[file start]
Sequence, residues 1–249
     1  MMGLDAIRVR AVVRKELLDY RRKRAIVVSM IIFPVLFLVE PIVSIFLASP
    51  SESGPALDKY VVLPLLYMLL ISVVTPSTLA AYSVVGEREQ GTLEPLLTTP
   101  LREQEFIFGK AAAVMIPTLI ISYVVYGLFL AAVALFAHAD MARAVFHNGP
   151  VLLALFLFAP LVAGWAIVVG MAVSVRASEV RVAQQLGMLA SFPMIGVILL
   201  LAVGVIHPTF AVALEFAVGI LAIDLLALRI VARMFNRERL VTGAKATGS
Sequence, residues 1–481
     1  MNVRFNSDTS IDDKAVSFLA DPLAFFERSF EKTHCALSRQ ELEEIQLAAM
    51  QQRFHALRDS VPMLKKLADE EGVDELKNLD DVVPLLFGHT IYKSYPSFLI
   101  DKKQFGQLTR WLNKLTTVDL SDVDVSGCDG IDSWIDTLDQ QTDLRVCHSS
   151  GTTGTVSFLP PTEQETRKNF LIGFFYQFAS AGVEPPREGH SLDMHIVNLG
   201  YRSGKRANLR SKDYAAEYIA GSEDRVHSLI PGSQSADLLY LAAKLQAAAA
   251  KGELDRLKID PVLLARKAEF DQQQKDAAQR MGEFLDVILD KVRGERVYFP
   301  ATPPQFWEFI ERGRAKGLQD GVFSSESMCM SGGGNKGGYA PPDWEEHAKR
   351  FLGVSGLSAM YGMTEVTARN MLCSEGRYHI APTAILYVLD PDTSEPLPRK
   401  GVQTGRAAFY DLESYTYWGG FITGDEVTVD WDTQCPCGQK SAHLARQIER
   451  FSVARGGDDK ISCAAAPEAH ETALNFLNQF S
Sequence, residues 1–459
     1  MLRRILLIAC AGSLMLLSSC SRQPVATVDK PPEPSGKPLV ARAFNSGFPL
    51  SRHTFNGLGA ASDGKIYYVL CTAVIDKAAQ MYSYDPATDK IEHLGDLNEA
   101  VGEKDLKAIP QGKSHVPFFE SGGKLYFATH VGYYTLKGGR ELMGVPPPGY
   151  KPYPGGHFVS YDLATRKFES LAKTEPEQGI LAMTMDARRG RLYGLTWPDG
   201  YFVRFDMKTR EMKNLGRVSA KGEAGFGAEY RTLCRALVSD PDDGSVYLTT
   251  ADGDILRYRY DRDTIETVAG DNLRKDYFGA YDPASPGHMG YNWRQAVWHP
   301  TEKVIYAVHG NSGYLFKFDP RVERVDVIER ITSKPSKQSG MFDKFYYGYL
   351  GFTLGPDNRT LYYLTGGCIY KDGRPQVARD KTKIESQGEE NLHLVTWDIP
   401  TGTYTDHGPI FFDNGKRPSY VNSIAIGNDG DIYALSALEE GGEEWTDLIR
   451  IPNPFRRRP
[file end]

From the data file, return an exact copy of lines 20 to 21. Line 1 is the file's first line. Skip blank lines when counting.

    51  SRHTFNGLGA ASDGKIYYVL CTAVIDKAAQ MYSYDPATDK IEHLGDLNEA
   101  VGEKDLKAIP QGKSHVPFFE SGGKLYFATH VGYYTLKGGR ELMGVPPPGY